During the current referendum debate, NO campaigners have argued that AV would lead to more coalition governments.
However, the YES campaign have argued that First Past the Post (FPTP) leads to coalitions, and would do so more often in the future if kept as the UK electing system.
‘Yes to fairer votes’: “Voters delivered a hung parliament in 2010 under First Past the Post, and not for the first time.”
‘No to AV‘: “AV leads to more hung parliaments, backroom deals and broken promises like the Lib Dem tuition fees U-turn. Instead of the voters choosing the government, politicians would hold power. Under AV, the only vote that really counts is Nick Clegg’s.”
“Our current system tends to create strong, accountable governments and means that coalitions are uncommon, with no horse-trading by politicians behind the scenes. AV isn’t proportional and it leads to more backroom political deals, the worst of both worlds.”
The current trends to multi-party democracy in the UK and the regional fragmentation of party support across the UK, make it more likely that no government will gain a majority in future elections, whether under AV or FPTP.
Neither of these trends are due to FPTP or AV.
When a party does win a strong majority, they are likely to gain more seats under AV than under FPTP, as would have happened in 1997.
However, when elections are closer, AV would increase the likelihood of coalition government. This is shown in an authoritative British Electoral Study simulation of what the 2010 general election results would have been under AV. It says the results indicate: “that the Conservatives would have won 22 fewer seats than they actually obtained under FPTP and that Labour would have won 10 fewer. The Liberal Democrats would have been clear net gainers, increasing their representation from 57 seats to 89.”
Looking further back at the BES work, a briefing from the Political Studies Association makes the point that had AV been used in previous elections, the only result that would have possibly been different under AV would have been the 1992 vote.
However the report briefing acknowledges: “By boosting the Liberal Democrats, however, AV does increase the likelihood of hung parliaments a little.”
International comparisons are also contentious. The example of Australia is frequently cited as proof that AV would not frequently deliver coalitions.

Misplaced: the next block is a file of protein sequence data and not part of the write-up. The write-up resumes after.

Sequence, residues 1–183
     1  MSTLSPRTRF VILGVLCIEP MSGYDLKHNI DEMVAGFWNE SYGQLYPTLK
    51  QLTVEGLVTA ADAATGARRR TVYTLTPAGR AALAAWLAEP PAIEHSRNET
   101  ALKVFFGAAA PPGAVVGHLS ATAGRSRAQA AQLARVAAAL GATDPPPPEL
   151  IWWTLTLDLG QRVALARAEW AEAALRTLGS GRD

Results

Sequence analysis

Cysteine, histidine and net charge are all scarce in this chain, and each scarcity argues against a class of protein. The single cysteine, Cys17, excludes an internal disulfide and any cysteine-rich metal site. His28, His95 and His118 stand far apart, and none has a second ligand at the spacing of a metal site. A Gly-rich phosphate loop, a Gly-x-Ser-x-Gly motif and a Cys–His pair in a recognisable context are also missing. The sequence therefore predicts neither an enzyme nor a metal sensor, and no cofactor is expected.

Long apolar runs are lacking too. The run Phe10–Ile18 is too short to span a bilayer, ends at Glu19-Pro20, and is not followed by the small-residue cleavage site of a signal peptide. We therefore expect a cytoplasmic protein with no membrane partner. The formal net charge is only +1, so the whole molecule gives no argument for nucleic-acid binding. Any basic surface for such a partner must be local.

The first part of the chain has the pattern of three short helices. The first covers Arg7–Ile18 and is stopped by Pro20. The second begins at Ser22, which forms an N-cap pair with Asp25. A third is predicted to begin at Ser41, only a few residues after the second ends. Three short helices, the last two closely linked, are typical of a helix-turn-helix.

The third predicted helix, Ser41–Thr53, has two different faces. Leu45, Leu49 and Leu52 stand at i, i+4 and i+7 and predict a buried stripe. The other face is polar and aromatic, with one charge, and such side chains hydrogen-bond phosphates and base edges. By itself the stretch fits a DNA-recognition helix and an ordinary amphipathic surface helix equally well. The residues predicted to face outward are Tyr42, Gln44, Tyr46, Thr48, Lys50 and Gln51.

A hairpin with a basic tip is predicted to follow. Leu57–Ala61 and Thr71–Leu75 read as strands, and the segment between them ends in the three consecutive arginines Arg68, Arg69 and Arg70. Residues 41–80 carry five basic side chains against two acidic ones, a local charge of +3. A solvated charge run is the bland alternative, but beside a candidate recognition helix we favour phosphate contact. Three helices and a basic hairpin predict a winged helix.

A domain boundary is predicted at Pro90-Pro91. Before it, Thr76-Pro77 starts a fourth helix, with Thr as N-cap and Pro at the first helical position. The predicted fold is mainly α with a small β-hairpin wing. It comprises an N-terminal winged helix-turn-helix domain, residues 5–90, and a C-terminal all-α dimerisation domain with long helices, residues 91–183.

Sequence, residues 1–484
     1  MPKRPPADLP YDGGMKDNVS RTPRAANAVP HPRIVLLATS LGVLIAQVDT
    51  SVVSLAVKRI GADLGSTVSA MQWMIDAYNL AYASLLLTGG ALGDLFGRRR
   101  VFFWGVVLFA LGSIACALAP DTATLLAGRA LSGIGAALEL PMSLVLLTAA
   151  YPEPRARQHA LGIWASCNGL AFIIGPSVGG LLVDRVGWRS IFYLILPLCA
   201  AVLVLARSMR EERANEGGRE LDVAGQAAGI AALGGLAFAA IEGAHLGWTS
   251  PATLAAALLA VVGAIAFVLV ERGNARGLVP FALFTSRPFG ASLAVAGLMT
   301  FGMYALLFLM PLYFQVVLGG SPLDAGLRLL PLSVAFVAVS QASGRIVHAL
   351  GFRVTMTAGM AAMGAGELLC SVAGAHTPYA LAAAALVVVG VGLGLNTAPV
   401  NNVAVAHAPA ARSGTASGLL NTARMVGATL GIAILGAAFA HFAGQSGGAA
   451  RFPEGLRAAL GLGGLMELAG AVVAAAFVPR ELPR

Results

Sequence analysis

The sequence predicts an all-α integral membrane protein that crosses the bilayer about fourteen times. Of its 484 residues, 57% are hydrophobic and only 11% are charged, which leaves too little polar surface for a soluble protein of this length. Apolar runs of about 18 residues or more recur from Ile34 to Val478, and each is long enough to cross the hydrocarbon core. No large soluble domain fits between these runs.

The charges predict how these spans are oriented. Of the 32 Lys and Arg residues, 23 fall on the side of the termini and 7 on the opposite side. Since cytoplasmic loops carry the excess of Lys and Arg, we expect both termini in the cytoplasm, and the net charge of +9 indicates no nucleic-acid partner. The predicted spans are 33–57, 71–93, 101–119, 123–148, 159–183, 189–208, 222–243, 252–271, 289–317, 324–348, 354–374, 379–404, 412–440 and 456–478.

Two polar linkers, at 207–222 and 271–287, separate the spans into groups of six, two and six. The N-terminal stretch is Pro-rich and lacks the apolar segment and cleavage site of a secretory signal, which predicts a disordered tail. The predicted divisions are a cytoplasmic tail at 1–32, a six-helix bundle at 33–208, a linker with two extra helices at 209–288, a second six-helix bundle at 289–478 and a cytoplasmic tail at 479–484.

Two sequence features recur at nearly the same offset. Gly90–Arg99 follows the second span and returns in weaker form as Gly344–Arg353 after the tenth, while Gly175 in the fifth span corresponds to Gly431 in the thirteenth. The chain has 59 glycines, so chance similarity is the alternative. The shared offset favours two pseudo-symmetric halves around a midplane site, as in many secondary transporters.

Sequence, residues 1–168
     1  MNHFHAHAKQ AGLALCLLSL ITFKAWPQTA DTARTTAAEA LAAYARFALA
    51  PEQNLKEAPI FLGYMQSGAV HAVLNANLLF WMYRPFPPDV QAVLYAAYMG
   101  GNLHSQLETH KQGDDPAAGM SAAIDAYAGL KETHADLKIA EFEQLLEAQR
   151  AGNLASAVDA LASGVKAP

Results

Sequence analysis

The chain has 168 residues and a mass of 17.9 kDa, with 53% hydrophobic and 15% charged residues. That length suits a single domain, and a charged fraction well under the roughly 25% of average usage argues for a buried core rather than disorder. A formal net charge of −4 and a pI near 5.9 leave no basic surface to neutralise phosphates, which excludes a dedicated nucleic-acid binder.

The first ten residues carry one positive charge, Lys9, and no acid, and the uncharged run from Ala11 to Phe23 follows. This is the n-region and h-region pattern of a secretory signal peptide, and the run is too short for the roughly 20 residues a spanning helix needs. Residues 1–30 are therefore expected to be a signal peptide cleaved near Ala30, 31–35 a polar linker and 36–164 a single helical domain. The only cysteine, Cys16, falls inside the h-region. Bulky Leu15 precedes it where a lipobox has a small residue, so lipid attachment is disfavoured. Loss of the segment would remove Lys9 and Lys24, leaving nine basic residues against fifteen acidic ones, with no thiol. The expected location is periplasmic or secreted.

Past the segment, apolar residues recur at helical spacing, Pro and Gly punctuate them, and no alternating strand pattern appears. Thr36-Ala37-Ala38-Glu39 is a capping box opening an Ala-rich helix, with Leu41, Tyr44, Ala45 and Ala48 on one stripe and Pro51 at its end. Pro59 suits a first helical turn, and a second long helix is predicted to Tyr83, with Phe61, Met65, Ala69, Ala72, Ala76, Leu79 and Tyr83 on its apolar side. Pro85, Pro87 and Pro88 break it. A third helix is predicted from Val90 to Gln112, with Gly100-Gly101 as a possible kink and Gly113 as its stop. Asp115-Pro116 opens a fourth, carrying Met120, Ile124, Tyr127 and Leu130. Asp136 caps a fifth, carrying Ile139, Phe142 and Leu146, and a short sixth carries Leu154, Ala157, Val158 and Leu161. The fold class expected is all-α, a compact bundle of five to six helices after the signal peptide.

However, as highlighted on Channel 4′s Factcheck, the Australian National and Liberal parties have been operating in coalition since 1992. It is by viewing this alliance as a single party that Australia can be seen to have had few hung parliaments.
The Institute for Public Policy Research (IPPR), a think tank, have researched a report that raising questions of ability of First Past the Post to produce majority governments in the UK.
It says that: “as the outcome of the 2010 general election proves, FPTP can no longer claim to guarantee ‘strong single-party government’.The report argues that this is because of the rise of minority parties, and falling support for Labour and the Conservatives.
They say that: “If future parliaments are likely to include at least 85 MPs from parties other than Labour or the Conservatives, then in order to secure an overall majority one of the main parties needs to secure at least 86 more seats than its rival (Bogdanor forthcoming 2011). But… this has happened in fewer than half – seven – of the 18 general elections since the war… And achieving a majority of only 20 seats– which it could reasonably be argued is the minimum a party needs to govern securely – would entail one party having to win over 100 seats more than the second-place party, a result which has occurred even less frequently: since the war, only in 1945, 1983, 2001 and 2005.”
Indeed, the IPPR report also notes that other Westminster model systems are seeing a very similar trend towards multi-party politics.
As well as the rise of third parties in the UK, the fragmentation of party support across the UK is a further reason for the increased likelihood of no party gaining a majority in UK national elections.
Both these dynamics are relatively recent in British electoral history, and both are evolving issues. Therefore, how they impact on electoral outcomes under either AV or FPTP is unlikely to stay constant.